The latest episode of Ikonokast, the science podcast Mike Haubrich and I do, is now up. This is an interview with Pacific Institute’s Peter Gleick. We talk about the California drought (past, present, and future), Syria, virtual water, El Nino and climate science denialism.
Last month, listening to NPR, I learned that Sacramento, California is struggling with the installation of water meters on homes. There were two things I learned, both ungood: 1) Sacramento was installing water meters on homes, meaning, that they hadn’t been there all along. I found that astounding because water meters are the first line of defense in controlling water use. Charge people for the water and they’ll pay attention to the drippy faucet, they’ll be more likely to remember to turn off the sprinkler, maybe they’ll think about investing in more efficient water-using appliances. Or maybe they’ll just throw a brick in the back of the toilet. 2) The way they were installing the water meters seemed to guarantee that it would take the longest possible time to complete the job. I wondered if this was a deal, tacit or otherwise, between the contractors and the city, because the way they are doing it involved a lot more work for the contractors. Seemed to me that getting the water meters in place would be urgent, and dealing with other aspects of the infrastructure could be handled later.
In January, Governor Jerry Brown asked Californians to use less water. They didn’t. That is surprising because I thought everybody in California was a tree-hugging ex-hippie liberal, the sort of person who would come up to the plate to save the earth any day of the week, not just on Earth Day. Turns out, that’s only the people I know in California. Now, California is imposing mandatory water restrictions, which include fines. Now the Libertarians will have to pay if they want to be all Libertarian about using water.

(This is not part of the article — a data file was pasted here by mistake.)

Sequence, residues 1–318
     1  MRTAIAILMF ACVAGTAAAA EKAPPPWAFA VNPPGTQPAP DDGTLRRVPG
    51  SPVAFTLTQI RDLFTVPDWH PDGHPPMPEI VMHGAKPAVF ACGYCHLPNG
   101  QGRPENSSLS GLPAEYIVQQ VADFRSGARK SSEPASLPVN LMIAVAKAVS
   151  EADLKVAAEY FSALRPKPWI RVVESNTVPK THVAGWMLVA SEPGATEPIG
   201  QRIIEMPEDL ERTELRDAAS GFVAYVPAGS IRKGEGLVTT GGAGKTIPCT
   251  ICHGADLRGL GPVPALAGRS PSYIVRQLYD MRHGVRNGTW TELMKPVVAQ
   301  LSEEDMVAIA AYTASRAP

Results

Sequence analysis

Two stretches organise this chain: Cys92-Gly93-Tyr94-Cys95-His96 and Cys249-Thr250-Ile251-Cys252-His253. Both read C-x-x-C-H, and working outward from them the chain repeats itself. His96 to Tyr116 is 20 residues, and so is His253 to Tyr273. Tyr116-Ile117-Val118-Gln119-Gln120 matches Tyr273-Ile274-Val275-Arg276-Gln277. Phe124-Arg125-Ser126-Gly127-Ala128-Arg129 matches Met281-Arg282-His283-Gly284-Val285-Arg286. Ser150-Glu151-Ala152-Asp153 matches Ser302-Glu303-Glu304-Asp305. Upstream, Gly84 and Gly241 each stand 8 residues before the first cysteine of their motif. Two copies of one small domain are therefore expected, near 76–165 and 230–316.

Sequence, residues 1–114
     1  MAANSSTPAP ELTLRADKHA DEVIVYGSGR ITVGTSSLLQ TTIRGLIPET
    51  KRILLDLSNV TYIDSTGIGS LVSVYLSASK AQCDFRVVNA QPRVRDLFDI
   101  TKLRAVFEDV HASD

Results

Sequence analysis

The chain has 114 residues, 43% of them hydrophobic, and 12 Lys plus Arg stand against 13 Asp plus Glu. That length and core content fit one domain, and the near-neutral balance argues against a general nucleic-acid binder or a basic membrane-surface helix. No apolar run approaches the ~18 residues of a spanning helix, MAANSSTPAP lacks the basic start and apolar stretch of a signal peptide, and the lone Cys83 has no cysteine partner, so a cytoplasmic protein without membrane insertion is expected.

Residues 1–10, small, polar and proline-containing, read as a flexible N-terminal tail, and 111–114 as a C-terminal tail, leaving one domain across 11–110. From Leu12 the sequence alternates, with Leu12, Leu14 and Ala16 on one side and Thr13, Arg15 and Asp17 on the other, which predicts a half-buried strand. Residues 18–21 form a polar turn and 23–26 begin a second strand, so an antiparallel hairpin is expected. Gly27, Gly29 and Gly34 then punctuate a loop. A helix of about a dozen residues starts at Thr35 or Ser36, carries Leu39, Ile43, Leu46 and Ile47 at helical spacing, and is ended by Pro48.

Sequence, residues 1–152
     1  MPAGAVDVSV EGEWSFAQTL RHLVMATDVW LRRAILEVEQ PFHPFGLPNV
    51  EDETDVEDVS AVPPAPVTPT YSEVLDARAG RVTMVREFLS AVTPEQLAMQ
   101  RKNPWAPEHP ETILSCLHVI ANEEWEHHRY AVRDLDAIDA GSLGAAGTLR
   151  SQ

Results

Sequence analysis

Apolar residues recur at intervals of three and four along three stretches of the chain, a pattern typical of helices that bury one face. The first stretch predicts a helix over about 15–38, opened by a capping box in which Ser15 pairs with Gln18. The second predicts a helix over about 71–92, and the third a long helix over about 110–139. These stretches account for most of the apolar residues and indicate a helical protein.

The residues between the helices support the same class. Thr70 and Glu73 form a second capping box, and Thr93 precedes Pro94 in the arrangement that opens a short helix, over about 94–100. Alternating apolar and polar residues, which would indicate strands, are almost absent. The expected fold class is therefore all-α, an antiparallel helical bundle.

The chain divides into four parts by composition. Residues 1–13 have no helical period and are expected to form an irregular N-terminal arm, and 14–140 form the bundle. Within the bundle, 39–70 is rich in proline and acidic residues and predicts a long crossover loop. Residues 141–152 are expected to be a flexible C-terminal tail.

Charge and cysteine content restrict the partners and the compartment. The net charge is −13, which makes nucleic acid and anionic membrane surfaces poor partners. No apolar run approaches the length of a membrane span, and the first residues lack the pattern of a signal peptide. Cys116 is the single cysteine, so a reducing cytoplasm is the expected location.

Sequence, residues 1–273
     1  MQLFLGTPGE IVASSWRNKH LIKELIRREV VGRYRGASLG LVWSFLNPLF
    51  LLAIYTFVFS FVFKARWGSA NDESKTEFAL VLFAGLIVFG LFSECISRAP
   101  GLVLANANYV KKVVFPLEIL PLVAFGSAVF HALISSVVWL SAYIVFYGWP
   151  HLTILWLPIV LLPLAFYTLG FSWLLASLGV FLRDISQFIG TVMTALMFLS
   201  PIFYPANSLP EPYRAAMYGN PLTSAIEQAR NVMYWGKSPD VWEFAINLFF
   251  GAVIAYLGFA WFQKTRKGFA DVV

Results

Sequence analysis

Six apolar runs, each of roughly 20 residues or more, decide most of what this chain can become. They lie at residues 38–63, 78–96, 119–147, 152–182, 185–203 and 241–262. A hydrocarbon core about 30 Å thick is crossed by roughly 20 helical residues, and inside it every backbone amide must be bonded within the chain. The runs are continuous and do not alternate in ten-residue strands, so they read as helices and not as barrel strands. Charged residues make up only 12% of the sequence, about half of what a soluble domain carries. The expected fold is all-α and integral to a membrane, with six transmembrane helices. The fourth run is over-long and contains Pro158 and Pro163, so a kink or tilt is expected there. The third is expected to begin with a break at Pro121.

In the meantime I’ve had a few conversations, on Twitter and Facebook mainly, but also here, about this. My friends and I found ourselves grumbling about California. Hey, I live a few miles from the Mississippi River on a glacial lake covered with a sand sheet. Couldn’t get much better aquifer than that; the rain falls, goes straight underground with minimal evaporation or runoff, and sits there ready to pump into the ubiquitous water towers that define most upper Midwestern and Plains cities. But we have mandatory water restrictions, usually for several weeks starting in mid summer, every year. Also, I’ve lived in several sates and there were always water meters. Always. How is it that California, suffering a severe to extreme drought statewide, has entire cities (at least a couple) without water meters, and only now has considered serious water restrictions? What gives, we grumbled? Why should we feel sorry for California when they seem to have brought at least part of this water shortage problem on themselves?
The whole thing made so little sense that I guessed that there was more to it. There must be context I’m unaware of, nuance I’m missing. And, a colleague of mine, it turns out, is one of the world’s leading experts on water in California. So, I sent him, Peter Gleick of the Pacific Institute, a note asking him if he could ‘spain all this. (Peter also blogs here at Scienceblogs.) He wrote back that I had just ruined his weekend by adding the last straw to the camels’ back; this is an issue he’d been thinking about writing a blog post on, and now he was going to have to do it.
Peter’s post contextualizes and adds nuance to most of my questions. I still think we have an open question that applies generally, not just to California: Why is it that we humans are so bad at doing what we already know is the right thing? Or, in some cases, don’t know but would if we only looked around a bit. As a New Yorker (who also lived in Boston for quite a while) this question has troubled me since the day I moved to Minnesota. I see so many problems here that are developing (or in some cases well developed) with the undirected evolution of our infrastructure, cityscape, sub- and ex-urb layout, and other things that, I think, could be avoided if only those in charge of planning, and local political and economic leaders, would spend a year or so living in the East Coast Metropolis. Apparently, California isn’t as coastal as often claimed. It is a former frontier, a frontier not so long ago, settled by people who forgot their roots the moment they pulled them up.